Gun control debate moves forward in wake of recent shootings

Americans struggle with how to stop gun violence, with some arguing for more restrictive legislation and some arguing for less.


“A well regulated Militia, being necessary to the security of a free State, the right of the people to keep and bear Arms, shall not be infringed,” the Constitution asserts in its Second Amendment.
Through the creation of the Constitution and the subsequent ratification of the Bill of Rights, Americans were given a fundamental right to bear arms. Although much conflict remains over the extent and contemporary relevance of the Founding Fathers’ intentions, many have interpreted this amendment to guarantee every citizen a weapon for the common defense of the democracy. In their 2008 judicial opinion of Heller v District of Columbia, the Supreme Court concluded that the Second Amendment “guarantees the individual right to possess and carry weapons in case of confrontation.”

In the United States, guns have come to symbolize protection, safety and freedom. As a nation continuously marked by armed conflict, America closely ties itself to firearms, and as such, the public gives them special recognition and treatment often developing deep affections for the firearm. This results in a culture centered on the gun.

The Collins English Dictionary defines gun culture as, “the attitudes, feelings, values and behavior of a society, or any social group, in which guns are used.” America has developed multiple sects of gun culture that revolve around the Second Amendment and its subsequent guarantee of arms to citizens in the defense of the Union.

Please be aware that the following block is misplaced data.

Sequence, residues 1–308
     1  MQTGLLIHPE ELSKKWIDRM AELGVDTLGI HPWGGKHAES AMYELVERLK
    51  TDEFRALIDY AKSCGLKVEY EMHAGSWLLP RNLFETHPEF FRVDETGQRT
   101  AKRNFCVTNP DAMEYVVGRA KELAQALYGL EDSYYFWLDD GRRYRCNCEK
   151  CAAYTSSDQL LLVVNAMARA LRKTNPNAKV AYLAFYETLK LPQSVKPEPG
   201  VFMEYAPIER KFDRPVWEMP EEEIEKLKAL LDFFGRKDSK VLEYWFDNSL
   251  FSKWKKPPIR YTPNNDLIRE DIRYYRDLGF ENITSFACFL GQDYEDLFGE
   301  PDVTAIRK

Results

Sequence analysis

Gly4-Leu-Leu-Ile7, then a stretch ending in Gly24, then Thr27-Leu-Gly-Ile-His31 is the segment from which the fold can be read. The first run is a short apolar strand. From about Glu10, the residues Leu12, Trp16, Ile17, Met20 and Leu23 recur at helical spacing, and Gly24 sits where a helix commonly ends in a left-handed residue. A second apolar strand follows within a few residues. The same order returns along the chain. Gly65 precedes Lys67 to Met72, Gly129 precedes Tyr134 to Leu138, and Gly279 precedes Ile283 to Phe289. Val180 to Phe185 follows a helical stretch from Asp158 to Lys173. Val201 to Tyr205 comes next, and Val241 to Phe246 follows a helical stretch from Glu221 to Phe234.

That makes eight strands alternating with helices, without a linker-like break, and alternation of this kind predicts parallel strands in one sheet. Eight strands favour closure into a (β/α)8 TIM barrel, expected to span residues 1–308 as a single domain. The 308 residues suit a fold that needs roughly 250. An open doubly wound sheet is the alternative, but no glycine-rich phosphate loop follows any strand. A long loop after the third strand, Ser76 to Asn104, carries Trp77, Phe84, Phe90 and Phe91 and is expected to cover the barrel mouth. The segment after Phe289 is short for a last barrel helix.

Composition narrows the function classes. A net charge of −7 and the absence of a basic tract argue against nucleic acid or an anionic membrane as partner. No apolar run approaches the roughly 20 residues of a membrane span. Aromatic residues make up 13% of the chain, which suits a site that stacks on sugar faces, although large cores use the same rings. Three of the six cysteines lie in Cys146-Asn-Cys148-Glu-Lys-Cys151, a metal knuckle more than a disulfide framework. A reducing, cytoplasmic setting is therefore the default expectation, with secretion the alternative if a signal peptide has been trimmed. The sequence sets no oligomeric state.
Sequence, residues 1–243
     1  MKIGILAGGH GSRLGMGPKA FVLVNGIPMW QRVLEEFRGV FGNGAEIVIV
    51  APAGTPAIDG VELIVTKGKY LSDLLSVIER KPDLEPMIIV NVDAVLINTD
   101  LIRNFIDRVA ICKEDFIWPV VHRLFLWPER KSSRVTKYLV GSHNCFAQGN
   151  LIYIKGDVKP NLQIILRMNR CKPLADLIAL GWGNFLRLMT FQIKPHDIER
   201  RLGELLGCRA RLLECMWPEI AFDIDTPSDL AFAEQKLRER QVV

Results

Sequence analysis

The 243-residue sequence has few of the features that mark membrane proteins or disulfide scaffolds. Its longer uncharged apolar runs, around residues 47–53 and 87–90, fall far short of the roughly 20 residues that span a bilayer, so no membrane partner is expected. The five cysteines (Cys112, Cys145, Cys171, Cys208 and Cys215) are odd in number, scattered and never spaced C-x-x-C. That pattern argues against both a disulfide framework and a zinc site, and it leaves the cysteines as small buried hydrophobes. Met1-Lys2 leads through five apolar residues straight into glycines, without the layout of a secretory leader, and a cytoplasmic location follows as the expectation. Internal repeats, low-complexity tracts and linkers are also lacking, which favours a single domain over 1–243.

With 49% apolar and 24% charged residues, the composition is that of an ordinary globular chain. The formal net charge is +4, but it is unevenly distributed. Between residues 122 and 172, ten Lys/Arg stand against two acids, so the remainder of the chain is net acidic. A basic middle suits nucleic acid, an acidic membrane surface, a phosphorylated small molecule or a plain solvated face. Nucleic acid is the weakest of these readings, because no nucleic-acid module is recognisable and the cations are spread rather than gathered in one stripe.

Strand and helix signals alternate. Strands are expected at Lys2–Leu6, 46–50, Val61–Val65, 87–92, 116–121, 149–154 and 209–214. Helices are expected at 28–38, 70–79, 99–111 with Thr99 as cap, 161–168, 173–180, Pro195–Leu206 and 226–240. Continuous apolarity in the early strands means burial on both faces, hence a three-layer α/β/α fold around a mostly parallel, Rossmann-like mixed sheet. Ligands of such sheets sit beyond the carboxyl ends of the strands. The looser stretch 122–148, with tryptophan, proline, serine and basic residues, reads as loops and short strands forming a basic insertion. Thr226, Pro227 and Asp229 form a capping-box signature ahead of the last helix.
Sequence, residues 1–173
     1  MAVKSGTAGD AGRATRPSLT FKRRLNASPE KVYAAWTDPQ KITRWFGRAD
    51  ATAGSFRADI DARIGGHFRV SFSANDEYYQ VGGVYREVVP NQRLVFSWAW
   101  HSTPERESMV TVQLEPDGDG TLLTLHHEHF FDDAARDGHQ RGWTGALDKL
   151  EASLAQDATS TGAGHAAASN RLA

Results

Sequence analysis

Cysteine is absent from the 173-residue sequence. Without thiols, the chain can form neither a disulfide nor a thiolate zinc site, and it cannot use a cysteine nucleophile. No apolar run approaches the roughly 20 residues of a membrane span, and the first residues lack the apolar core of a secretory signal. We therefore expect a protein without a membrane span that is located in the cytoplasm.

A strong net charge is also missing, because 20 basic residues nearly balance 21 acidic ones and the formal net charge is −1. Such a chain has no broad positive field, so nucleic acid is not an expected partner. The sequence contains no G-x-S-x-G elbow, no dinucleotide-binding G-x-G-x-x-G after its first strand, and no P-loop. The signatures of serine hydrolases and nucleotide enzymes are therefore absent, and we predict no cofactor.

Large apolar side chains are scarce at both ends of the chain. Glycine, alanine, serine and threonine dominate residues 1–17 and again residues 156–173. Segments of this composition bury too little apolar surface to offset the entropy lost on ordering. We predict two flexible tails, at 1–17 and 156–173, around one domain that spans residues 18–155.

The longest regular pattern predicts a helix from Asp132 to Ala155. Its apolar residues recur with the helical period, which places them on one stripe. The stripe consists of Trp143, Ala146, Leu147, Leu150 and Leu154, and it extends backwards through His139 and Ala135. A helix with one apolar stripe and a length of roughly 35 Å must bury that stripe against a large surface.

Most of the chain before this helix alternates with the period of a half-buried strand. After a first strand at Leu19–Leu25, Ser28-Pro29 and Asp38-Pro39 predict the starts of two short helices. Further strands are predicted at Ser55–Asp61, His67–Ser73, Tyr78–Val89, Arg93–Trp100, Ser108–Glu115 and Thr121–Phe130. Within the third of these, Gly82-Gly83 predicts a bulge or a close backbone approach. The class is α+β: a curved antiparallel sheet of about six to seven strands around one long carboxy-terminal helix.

In addition to the common sentimental connection with firearms, many Americans have developed a practical relationship with their pistols, rifles and shotguns. The Pew Research Center found that of the estimated 73 million gun owners, 38 percent would use these tools to hunt, 30 percent would should shoot for sport such as target, trap and skeet shooting and the majority 67 percent would use them to protect themselves from criminal threats. According to a Hawk Talk survey of 220 Madison students, 25 percent of their families own a gun.

In 27 states, “Stand Your Ground” legislation allows citizens to use deadly force in defense against a present threat, but in the remaining 23 states, citizens must attempt to retreat from the threat before resorting to deadly force. Virginia has not passed any laws on the matter, and as a result, its inhabitants can use lethal force in response to threats without first retreating. However, it is illegal to use deadly force to defend one’s property and home without evidence that the aggressor has the desire to cause harm.

“Gun culture is not inherently bad, just as those with guns are not inherently bad, but it is surely something that has grown to divide our country in dangerous ways,” Katie Oliveira (’18), one of the Madison walkout organizers, said.

Despite Supreme Court interpretations of the Second Amendment, many individuals across the United States have abused the Second Amendment and used firearms to injure and kill masses of people at once. According to the Gun Violence Archive, there have been 64 mass shootings with 84 deaths and 251 injuries so far this year, and last year there were 347 mass shootings with 437 deaths and 1802 injuries. These numbers have polarized the nation in what has come to be known as the Gun Control Debate. Two main sides have emerged. Some believe current legislation inhibits law-abiding citizens from obtaining the necessary tools to protect themselves and should be repealed. Others believe the government must enact more comprehensive laws to prevent people with criminal histories and mental illnesses from obtaining the tools necessary to kill others.